… A personal rant by Julia Waterlow about the misuse of our sewerage system

Lewesians have first-hand experience of inappropriate materials shoved down our sewage pipes: the closure of Station Street in recent weeks was allegedly caused by bedsheets of all things blocking the underground pipework system.  Although that’s extreme, the day-to-day rubbish put down our foul water system, from toilets and sinks, is pretty gruesome if you’re beach-cleaning along our coasts.

As well as the yuk factor, wet-wipes are a risk to wildlife as creatures mistake them for food. The Marine Conservation Society’s Great British Beach Clean survey reported that the number of wet-wipes on UK beaches more than doubled between 2013 and 2014. ‘This rise in pollution of our oceans and beaches is mainly due to the fact that people want convenience and so many people treat their toilet like a bin’.  Wet-wipes, like nappies, sanitary towels and cotton-buds are designed not to disintegrate in water; even ‘flushable’ biodegradable ones take some time to decompose. The sewage treatment filters don’t always catch everything – though the water companies still ferry tons of waste from the sewage filters to landfill.

Microbeads are one of the more recent unpleasant waste-products going down our drains.  They are tiny pieces of plastic that are added to everyday cosmetic products, face-wash, toothpaste, abrasive cleaners etc.  They are too small to be filtered out at water treatment works and they are being found in creatures all over the oceans in addition to the other plastics they ingest, and of course end up in us: see https://secure.greenpeace.org.uk/page/-/microbeads-infographic.jpg. They are now banned in the USA and Canada, but not yet in the UK: do check labels for their presence.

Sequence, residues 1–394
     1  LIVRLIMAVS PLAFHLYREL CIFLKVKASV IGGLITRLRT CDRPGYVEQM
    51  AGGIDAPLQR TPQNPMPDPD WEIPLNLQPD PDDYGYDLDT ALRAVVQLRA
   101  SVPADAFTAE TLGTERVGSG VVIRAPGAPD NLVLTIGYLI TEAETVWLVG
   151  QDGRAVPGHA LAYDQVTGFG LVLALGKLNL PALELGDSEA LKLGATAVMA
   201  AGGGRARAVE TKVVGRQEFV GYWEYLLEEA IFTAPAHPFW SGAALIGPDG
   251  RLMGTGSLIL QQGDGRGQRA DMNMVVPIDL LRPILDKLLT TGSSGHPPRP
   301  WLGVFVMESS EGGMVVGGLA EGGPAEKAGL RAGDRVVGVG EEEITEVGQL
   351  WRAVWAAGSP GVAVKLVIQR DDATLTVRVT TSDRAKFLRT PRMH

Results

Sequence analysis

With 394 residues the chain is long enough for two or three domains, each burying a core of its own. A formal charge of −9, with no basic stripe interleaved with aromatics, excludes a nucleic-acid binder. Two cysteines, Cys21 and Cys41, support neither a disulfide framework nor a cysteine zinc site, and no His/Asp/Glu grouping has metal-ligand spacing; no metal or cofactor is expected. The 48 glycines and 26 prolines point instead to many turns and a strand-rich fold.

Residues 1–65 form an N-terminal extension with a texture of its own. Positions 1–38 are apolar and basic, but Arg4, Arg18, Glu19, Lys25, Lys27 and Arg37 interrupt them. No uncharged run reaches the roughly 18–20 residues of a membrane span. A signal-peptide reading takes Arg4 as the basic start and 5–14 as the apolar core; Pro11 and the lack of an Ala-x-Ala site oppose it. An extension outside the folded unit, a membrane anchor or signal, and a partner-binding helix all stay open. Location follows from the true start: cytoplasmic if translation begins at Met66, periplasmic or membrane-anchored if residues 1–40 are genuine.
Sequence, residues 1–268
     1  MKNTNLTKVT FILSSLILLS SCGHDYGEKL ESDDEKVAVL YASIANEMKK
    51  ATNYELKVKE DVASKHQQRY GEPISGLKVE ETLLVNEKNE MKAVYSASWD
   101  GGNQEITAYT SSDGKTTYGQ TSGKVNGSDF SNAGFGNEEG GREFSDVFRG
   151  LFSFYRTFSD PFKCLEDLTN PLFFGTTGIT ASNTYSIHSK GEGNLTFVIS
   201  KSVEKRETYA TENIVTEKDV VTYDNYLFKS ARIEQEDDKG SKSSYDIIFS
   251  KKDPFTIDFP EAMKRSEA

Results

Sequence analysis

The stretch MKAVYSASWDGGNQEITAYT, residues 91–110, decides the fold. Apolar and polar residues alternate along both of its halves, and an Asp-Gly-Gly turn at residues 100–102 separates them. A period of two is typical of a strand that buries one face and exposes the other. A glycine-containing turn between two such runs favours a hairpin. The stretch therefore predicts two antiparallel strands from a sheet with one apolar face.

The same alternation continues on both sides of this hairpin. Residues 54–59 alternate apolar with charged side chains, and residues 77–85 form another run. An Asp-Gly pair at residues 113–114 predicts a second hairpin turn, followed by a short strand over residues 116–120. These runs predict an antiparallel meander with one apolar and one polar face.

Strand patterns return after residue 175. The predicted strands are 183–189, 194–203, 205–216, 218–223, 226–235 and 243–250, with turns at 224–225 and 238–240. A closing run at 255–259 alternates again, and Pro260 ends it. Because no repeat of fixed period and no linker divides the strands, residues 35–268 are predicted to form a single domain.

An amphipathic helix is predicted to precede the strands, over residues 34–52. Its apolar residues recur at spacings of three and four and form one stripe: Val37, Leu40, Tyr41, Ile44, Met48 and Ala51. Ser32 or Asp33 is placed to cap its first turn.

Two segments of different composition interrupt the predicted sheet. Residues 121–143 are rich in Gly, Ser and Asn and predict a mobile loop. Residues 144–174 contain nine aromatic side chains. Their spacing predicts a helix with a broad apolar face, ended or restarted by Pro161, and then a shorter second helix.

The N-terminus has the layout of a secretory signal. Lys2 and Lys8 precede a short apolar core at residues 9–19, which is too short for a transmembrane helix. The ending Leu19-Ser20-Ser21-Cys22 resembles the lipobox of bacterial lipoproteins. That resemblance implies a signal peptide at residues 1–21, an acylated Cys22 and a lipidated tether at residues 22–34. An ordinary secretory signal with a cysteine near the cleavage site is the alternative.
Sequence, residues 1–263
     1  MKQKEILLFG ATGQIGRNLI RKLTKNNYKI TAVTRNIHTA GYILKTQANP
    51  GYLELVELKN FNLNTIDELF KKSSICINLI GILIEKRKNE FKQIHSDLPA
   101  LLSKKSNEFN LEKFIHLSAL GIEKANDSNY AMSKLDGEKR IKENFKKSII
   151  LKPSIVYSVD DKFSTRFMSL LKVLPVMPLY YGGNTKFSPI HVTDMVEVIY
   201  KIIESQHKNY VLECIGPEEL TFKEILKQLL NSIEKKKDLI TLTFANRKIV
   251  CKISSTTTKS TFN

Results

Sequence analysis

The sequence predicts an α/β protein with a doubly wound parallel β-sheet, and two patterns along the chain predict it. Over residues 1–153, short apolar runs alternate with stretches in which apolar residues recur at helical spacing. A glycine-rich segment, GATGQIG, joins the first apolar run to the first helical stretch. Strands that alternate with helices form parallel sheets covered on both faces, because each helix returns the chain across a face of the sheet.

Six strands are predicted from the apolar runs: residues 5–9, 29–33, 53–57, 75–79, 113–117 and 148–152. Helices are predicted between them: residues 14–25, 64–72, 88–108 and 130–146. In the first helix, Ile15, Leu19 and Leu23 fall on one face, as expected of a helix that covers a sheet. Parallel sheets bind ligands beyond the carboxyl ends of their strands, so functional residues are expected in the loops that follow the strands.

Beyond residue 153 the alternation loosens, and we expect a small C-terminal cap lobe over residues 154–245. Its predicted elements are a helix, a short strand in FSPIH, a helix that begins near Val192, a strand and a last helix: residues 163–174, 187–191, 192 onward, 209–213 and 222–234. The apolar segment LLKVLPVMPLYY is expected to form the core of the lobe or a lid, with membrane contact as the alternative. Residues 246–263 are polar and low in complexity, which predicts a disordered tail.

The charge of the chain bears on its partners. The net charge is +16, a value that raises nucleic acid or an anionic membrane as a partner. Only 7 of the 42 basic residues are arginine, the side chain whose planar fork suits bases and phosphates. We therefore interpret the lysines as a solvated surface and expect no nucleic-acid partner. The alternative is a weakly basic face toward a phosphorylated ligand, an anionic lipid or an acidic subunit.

Congealed fat is another major issue, causing ‘fatbergs’ such as the “bus-sized lump” of food-fat mixed with wet-wipes found in a drain under Kingston-upon-Thames in 2013. Nearer to home, a friend’s garden in Western Road in Lewes was flooded with foul water on Christmas Day from fat blocking a drain.

And finally, chemicals disposed of down the sink or loo can’t always be dealt with by the water-treatment plants – and pouring them down an outside drain is even worse, as surface-water drains in general flow directly into rivers. On that subject, check that all your plumbing connects to the foul-water sewage system and not to surface-water drains: apparently washing machines are frequently incorrectly plumbed.

What to do to help? ‘Bin it, don’t flush it’ – just use your loo for pee, paper and poo. Clean grease etc off plates with kitchen towels or newspaper before washing up, putting the used paper in your food-waste or compost. Put unwanted liquid fat, and chemicals like white spirit, in a jar and take it to the household chemicals section of the recycling centre. And on 16th-19th September there’s the Big Beach Clean – do join in!


PS While I’m on a rant, I’d like to mention WC cleaning products.  Bleach and all those expensive commercial products can wreak havoc on fragile ecosystems.  Many of them are ineffective, too, as the main cause of grubby loos is limescale, especially with our hard water. Cheap, effective and kinder to the environment is citric acid (buy packs from Bunces in Cliffe High St), which will clean the filthiest WC overnight. Happy cleaning!

Julia Waterlow with Jill Goulder, TTL.


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